One of our social groups has a number of friends with inappropriate tone of voice. I’m sure you all know those friends that use that “angry” tone of voice to both peers and adults when anything goes against their plan. It can be as simple as a friend bumping in to them, having to wait too long for a turn, or even asking a friend to try their idea. Many kids we see in our social group struggle with flexibility and perspective taking, so it’s not surprising that tone of voice is an issue. Too many times I’ve seen adults (myself included) say to kids “Is that how we talk to teachers/friends?” Of course the child knows the answer is “no” but how do we give them opportunity to really practice and understand how important tone of voice is? Jill and I attempted to do this with some help from Dr. Lynne Kenney who introduced us to Kimochis, these adorable stuffed toys that can be used to teach emotions.
Our group is full of very energetic boys. Given this, and their difficulty with using and interpreting body language, we decided to ensure movement was a component of this activity. The boys were to choose a Kimochi from a bag. Each stuffed toy has an adorable simple facial expression, with the emotion written on the back (e.g. confused, excited, mad, happy, etc.). The child was to then move their body up the ramp (if you don’t have a ramp, do it across the room) demonstrating the particular emotion they chose. Holding the Kimochi was helpful for them to “check in” to see if their face and their body matched the emotion in their hand. The other friends were supposed to guess what emotion they were “acting” out. Then, when they got to the end of the ramp, and before jumping into the ball pit (an exercise in impulse control too), they were given a phrase to say in the given emotion. This same phrase “It’s dinner time.” was used for every emotion to demonstrate that you can say the same phrase a million different ways, and it changes the meaning. This led to lots of discussion with everyone around why you might say the phrase that way. They were able to generate that you may say it like you are mad because you don’t want to stop playing your Wii. You might say it sad because you know you’re having broccoli and you hate broccoli. You might say it excited because you’re going out to dinner!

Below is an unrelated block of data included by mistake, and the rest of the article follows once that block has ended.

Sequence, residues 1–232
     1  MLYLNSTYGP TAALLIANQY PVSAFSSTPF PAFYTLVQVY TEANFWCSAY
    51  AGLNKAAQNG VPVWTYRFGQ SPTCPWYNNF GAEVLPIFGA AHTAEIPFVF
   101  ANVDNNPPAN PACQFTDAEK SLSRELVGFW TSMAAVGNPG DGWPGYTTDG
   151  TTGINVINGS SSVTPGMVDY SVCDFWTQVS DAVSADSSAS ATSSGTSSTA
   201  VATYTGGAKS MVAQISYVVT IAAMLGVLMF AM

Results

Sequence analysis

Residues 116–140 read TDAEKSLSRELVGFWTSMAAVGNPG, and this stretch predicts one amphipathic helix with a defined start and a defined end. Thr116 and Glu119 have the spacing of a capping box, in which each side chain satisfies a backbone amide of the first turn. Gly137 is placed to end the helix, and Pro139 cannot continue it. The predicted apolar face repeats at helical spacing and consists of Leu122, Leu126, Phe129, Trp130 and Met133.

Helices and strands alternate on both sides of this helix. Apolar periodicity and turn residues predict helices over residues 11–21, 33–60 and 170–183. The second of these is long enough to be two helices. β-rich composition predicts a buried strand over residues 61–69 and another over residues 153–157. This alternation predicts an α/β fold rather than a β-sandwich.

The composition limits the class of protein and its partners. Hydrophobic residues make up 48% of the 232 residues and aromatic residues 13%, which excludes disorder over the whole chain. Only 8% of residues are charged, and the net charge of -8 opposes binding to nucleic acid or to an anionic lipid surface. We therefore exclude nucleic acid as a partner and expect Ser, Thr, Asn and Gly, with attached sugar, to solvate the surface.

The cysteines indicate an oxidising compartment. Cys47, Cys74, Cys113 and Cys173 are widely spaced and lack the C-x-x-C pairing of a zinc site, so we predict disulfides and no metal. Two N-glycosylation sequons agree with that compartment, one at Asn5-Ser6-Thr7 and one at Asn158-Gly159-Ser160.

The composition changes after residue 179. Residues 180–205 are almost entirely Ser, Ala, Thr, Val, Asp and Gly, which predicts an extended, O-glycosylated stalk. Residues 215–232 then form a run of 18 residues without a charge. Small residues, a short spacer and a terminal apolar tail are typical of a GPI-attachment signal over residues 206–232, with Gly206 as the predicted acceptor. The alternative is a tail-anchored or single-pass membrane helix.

Next week, we plan to shift the activity to phrases that they often say “It’s my turn,” “Can you stop?” “I don’t want to do that,” etc. in the moment, and practice the differences in tone, and point out others’ body language in reaction to their words and tone. How does it change? What does it mean? Should they try to say that again? The hope is that through continued repetitive practice of tone of voice, kids can start learning that how you say something makes all the difference.
Submitted by Meghan G. Graham M.S. CCC-SLP
If you like this activity, you will love the activities available in our Social Adventures app.